In the intimate arrangements, Cole seemed to be going to the well a bit too often, in both the lyrical imagery and guitar progressions. “Broken Record,” with its various instruments and styles, actually sounds better itself than the stripped-down, for-trio versions.

Cole may have sensed that, turning a couple of the newer offerings into medleys, one of which deftly became a lovely version of Tim Hardin’s “Reason to Believe” (Was kind of odd that so few in the crowd reacted; could a song made popular by Rod Stewart already be obscure?)

Cole’s son, Will, for whom he wrote “Trigger Happy” when he was just a baby, enters NYU in the fall, the proud father announced.

“I’m not as young as I used to be,” he told the rapt crowd, “and neither are you.”

It proved the perfect intro to “Don’t Look Back,” one of the few truly wistful songs in his repertoire.

“Sometimes you hear a song and think that the songwriter wrote that for you,” Cole said later. “Well, this next song is NOT one of those songs.”

“My Other Life” certainly isn’t. It is, however, a haunting tune, with a James Ellroy-type story line that serves as metaphor for a man disconnected from himself. It also gave the trio an opportunity to take multi-stringed flight.

I admit: I miss Neil Clark. But Cole’s bookends, Mark Schwaber on acoustic guitar and mandolin, and Matt Cullen on banjo and acoustic guitar, have helped create a unique act, one wonderfully suited to his material. What fan would say “no” to a finish of “No More Love Songs,” “Like Lovers Do” and “Forest Fire,” followed by “Undressed” and “Lost Weekend”?

Indeed, anyone who has closely followed this at times cynically gin-soaked, now and then lusty, and occasionally maudlin madman – who can sometimes make the Cure’s Robert Smith seem jolly – had to leave both thrilled by the experience and anxious for what’s to come.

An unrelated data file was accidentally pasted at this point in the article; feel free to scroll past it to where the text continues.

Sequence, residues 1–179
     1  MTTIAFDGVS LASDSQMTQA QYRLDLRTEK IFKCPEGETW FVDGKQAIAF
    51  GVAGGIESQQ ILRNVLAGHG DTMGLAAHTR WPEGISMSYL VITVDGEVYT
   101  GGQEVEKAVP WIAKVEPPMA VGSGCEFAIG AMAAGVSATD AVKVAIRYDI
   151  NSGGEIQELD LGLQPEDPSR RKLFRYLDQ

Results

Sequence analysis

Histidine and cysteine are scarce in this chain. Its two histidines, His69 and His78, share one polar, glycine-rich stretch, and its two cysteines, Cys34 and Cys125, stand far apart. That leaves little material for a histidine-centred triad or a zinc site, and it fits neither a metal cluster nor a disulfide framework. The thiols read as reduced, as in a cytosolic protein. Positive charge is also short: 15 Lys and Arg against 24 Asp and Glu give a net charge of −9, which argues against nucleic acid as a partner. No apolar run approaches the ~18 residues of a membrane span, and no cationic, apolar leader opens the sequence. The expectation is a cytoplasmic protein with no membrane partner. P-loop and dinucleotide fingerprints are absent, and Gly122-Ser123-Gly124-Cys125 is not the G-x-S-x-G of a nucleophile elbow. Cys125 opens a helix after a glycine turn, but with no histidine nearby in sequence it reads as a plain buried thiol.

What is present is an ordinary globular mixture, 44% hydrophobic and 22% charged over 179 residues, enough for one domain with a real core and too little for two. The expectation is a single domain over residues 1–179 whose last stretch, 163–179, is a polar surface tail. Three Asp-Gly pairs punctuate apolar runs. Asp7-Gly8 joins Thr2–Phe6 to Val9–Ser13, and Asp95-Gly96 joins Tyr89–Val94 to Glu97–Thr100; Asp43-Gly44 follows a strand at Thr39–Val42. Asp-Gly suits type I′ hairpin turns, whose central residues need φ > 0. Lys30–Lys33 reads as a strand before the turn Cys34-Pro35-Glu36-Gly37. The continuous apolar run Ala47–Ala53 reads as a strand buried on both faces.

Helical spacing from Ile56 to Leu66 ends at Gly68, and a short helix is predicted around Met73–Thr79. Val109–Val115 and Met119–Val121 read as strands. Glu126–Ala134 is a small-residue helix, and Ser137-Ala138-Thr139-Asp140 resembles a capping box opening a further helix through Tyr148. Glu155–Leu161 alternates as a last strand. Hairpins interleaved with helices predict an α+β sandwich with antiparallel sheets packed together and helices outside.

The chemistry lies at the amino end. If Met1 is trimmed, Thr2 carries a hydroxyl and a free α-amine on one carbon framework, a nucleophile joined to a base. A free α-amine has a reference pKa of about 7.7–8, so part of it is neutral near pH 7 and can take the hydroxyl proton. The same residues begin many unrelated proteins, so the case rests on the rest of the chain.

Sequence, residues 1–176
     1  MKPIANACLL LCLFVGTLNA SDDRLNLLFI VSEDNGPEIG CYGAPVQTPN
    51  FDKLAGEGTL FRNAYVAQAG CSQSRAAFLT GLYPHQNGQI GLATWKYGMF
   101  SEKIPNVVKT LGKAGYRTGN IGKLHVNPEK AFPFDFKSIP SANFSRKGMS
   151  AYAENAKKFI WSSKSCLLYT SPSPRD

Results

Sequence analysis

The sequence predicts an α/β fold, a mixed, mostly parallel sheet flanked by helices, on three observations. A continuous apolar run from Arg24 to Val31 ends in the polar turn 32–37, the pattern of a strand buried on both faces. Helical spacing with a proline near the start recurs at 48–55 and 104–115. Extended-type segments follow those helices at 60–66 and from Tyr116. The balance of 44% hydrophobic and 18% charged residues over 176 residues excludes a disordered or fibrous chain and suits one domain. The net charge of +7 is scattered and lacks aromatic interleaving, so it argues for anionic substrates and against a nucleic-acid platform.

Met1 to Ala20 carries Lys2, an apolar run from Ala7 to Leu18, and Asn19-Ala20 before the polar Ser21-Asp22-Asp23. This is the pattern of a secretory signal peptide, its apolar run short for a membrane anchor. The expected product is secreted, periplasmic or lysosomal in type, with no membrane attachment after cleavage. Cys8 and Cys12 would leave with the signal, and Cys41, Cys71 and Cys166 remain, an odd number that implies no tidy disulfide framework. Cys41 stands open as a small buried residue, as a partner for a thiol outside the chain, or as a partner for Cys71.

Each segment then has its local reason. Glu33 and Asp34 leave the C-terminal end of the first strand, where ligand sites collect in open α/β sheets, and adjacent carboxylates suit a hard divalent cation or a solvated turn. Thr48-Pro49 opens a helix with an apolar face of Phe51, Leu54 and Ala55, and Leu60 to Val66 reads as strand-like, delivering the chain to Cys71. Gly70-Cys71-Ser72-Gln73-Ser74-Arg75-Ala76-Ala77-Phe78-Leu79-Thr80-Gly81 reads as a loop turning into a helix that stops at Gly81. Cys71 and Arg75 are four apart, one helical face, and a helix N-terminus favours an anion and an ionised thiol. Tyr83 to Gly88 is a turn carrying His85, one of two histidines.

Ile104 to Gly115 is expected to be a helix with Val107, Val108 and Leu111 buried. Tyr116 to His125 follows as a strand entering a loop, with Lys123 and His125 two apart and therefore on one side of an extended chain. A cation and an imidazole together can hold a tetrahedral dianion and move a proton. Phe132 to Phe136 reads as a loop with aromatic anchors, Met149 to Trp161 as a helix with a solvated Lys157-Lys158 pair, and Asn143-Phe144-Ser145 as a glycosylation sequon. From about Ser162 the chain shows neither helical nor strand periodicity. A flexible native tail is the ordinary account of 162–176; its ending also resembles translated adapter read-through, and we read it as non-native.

RATTLESNAKES:

Jodie wears a hat although it hasn’t rained for six days

She says a girl needs a gun these days

Hey on account of all the rattlesnakes

She looks like Eve Marie Saint in “On the Waterfront”

As she reads Simone de Beauvoir in her American circumstance


She’s less than sure if her heart has come to stay in San Jose

And her never-born child still haunts her

As she speeds down the freeway

As she tries her luck with the traffic police

Out of boredom more than spite

She never finds no trouble, she tries too hard

She’s obvious despite herself

She looks like Eve Marie Saint in “On the Waterfront”

She says all she needs is therapy, yeah

All you need is love is all you need


Jodie never sleeps ’cause there are always needles in the hay

She says that a girl needs a gun these days

Hey on account of all the rattlesnakes

She looks like Eve Marie Saint in “On the Waterfront”

As she reads Simone de Beauvoir in her American circumstance


Her heart’s like crazy, paving

Upside down and back to front

She says ‘Ooh, it’s so hard to love

When love was your great disappointment”